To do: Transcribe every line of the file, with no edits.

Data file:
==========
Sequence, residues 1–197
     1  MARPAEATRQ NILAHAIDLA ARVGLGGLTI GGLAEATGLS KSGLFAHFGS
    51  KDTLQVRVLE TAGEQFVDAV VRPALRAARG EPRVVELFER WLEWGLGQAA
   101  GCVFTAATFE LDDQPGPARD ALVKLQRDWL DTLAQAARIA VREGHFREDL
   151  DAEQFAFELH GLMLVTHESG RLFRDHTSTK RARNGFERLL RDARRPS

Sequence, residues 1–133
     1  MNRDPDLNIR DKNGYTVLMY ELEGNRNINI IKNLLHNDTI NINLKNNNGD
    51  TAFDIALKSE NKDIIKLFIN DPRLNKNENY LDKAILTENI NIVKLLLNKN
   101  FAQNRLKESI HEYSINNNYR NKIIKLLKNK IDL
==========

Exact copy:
Sequence, residues 1–197
     1  MARPAEATRQ NILAHAIDLA ARVGLGGLTI GGLAEATGLS KSGLFAHFGS
    51  KDTLQVRVLE TAGEQFVDAV VRPALRAARG EPRVVELFER WLEWGLGQAA
   101  GCVFTAATFE LDDQPGPARD ALVKLQRDWL DTLAQAARIA VREGHFREDL
   151  DAEQFAFELH GLMLVTHESG RLFRDHTSTK RARNGFERLL RDARRPS

Sequence, residues 1–133
     1  MNRDPDLNIR DKNGYTVLMY ELEGNRNINI IKNLLHNDTI NINLKNNNGD
    51  TAFDIALKSE NKDIIKLFIN DPRLNKNENY LDKAILTENI NIVKLLLNKN
   101  FAQNRLKESI HEYSINNNYR NKIIKLLKNK IDL